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Showing 301 – 320 of 2390

Charles L. Boyd was an evangelist, conference leader, and pioneering missionary to South Africa.

Clarence Boyd was a pioneering educator and administrator, serving for more than 40 years within the United States of America and in Latin America and the Caribbean.

​Maud Sisley Boyd was a Bible teacher, editor, compositor, Bible worker, school matron, and missionary. She was the first woman missionary sent by the Seventh-day Adventist Church’s Foreign Mission Board.

Allen and Mildred Boynton were trained nurses who first served at Washington Sanitarium, D.C., and at Porter Sanitarium in Colorado during World War II. They served as medical missionaries in various sanitariums/hospitals in the Far East including those in Shanghai, Wuhan (Hankow), Seoul, and Tokyo.

Eva Gwendolyn Bradford-Rock (1912-2010), African American educator, musician, author, and activist for church unity and social justice, was born December 22, 1912, on the campus of what was then Oakwood Manual Training School in Huntsville, Alabama.

​Etta Littlejohn and Robert Bradford ministered together in building up the Adventist work among Black Americans during its foundational decades and established a legacy of leadership that has shaped that work in a lasting way.

​Graeme Bradford was an Australian evangelist who conducted evangelistic series throughout the South Pacific Division and taught practical theology at Avondale University College for two extended periods.

Tom Bradley served in the South Pacific Division and the Northern Europe Division as an evangelist and in health ministries in the North American Division.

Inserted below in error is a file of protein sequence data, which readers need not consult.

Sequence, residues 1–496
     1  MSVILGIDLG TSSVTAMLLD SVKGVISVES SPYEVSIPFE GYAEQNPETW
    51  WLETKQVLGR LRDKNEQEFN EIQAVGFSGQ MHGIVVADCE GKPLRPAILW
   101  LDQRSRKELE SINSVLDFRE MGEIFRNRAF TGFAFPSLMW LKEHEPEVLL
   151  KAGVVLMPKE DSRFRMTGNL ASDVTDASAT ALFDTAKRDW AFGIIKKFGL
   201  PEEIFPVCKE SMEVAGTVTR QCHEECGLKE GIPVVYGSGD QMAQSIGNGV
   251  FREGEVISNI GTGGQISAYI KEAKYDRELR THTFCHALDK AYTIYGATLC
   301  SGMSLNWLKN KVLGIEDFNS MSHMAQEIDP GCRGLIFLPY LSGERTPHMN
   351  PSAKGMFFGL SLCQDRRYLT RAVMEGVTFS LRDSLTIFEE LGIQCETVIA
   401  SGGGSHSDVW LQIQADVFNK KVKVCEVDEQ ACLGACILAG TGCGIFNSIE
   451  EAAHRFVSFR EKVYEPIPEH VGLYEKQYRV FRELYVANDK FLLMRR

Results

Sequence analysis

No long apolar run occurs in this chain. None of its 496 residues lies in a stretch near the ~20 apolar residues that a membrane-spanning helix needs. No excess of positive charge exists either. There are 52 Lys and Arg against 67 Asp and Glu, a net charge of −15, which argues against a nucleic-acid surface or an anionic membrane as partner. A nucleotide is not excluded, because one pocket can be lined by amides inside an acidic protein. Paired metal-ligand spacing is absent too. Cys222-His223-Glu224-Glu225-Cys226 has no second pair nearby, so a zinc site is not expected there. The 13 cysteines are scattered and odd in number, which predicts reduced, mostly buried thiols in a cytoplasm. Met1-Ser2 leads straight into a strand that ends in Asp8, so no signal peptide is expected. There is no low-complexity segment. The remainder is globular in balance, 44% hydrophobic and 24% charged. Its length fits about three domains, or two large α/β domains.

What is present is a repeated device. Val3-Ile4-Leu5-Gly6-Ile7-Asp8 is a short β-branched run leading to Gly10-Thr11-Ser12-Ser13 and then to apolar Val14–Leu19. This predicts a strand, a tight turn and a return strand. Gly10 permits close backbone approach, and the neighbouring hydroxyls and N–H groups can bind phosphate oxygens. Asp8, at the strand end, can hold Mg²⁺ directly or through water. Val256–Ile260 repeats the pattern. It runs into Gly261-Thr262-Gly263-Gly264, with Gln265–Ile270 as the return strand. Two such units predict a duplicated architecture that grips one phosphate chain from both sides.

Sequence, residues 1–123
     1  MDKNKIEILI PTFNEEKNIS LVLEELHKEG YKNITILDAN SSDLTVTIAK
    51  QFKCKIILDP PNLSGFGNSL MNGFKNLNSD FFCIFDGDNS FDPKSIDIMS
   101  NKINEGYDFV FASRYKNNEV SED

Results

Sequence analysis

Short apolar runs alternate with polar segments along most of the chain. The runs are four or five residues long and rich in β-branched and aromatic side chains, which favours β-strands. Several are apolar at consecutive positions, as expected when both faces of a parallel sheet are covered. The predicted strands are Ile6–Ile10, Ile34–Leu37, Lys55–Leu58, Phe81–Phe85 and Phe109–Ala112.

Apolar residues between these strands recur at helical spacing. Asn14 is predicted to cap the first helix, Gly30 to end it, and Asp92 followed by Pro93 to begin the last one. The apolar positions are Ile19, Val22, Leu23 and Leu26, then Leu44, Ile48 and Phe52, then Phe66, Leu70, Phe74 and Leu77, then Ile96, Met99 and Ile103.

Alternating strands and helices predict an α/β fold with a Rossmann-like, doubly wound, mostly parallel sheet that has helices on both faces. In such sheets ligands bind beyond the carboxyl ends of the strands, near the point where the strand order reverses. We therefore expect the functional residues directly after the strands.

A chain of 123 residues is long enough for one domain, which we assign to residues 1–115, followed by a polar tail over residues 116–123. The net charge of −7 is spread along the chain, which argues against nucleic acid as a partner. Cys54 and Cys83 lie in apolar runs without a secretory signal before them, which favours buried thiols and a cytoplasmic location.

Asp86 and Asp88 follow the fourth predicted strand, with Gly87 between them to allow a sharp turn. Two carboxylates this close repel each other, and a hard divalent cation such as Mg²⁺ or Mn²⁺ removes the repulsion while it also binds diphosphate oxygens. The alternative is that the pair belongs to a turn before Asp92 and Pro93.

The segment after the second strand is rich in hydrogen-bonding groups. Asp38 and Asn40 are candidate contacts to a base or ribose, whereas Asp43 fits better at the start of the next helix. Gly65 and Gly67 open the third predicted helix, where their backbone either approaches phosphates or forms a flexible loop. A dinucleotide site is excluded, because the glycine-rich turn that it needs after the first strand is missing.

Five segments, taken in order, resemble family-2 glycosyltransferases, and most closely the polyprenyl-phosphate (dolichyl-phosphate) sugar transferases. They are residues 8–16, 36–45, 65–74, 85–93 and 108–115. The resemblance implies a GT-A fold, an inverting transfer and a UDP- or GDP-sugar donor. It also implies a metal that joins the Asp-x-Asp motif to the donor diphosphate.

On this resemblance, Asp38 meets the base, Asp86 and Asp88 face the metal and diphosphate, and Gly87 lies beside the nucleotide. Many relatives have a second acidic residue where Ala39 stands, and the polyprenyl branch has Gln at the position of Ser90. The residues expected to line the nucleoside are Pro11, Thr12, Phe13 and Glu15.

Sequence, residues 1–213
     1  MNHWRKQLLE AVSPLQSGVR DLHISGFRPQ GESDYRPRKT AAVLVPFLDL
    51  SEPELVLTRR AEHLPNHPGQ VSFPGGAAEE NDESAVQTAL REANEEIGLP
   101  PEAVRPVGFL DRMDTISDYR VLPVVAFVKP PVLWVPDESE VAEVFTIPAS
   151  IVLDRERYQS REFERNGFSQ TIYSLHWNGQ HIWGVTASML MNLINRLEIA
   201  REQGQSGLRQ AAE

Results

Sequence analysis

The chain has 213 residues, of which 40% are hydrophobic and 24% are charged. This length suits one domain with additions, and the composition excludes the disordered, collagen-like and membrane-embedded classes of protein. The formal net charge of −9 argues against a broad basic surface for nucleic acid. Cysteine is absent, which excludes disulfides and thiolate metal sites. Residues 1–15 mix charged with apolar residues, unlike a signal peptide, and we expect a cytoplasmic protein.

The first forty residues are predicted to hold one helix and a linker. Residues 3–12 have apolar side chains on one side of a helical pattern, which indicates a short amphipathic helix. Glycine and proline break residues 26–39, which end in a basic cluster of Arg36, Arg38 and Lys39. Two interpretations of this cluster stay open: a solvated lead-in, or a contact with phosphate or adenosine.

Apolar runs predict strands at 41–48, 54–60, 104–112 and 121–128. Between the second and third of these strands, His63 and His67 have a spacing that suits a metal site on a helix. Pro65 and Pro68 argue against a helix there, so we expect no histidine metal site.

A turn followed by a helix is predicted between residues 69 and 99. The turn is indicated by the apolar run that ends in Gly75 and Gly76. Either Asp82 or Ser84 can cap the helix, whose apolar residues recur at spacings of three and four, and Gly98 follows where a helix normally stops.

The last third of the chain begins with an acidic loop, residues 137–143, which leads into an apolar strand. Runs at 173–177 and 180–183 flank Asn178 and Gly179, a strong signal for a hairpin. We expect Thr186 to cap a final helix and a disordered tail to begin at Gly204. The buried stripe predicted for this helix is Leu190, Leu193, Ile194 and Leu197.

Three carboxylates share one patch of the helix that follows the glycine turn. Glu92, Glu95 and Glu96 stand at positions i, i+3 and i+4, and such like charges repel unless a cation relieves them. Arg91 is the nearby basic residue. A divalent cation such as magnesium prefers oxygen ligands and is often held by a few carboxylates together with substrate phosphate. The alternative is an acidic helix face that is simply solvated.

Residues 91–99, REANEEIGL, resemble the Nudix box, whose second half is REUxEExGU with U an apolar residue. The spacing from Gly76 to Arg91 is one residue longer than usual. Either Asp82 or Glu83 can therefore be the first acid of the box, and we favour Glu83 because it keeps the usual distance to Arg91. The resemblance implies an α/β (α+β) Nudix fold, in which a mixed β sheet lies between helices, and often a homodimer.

Manoel João Braff, pastor, teacher, and dean, was born April 9, 1910, in the town of Santo Antônio, Rio Grande do Sul, Brazil.

Brad Braley and Olive Rogers Braley, household names to listeners of the Voice of Prophecy (VOP) broadcasts in the middle decades of the 20th century, were known for their duets on organ and piano. Brad was organist and accompanist for the VOP for nearly nineteen years. Olive assisted on piano and gave readings.

Thomas H. Branch and Henrietta Paterson Branch were some of the first African Americans to be sent as missionaries to Africa by the Seventh-day Adventist denomination, and were pioneers of the church’s work among African Americans in Colorado and in Philadelphia, Pennsylvania.

Alfred and Pamela Brandt served the Adventist Church in various capacities in the United Kingdom, Malawi, Zimbabwe, Kenya, Burundi, Rwanda, Lebanon, Ethiopia, Denmark, and Uganda.

​Roy Branson was a Seventh-day Adventist theologian, social activist, ethicist, educator and, for more than two decades, editor of Spectrum magazine.

Gordon Branster served the Church for 42 years in the South Pacific Division as a pastor, evangelist, and administrator at the conference and union levels.

Lionel Brathwaite was a pioneering Trinbagonian educator, literature and public evangelist, pastor, church administrator, and church and school builder in the eastern Caribbean for 44 years.

Friedrich Braucht was a medical missionary who established the Samoan Sanitarium in the 1890s.

Luiz Braun, pastor and evangelist, was born in 1878 in the city of Duesseldorf, in the state of North Rhine-Westphalia, Germany.

​Christian Benjamin Brew was an evangelist and pastor in Ghana.

​Rolland James (known as R. J.) and Celia Richmond Brines were Seventh-day Adventist educators who spent two terms as missionaries in China. A hospital administrator and physician in the United States and China, R. J. was the first medical superintendent of Porter Hospital. Celia wrote the popular mission book, "Dragon Tales."

​Jan Brinkman was a Dutch evangelist, pastor, and church administrator who served for over thirty years in Holland, as well in the two Dutch-speaking regions of the Inter-American Division: Suriname and the Dutch Antilles. He was president of both the Suriname Mission and the Netherlands Antilles Mission.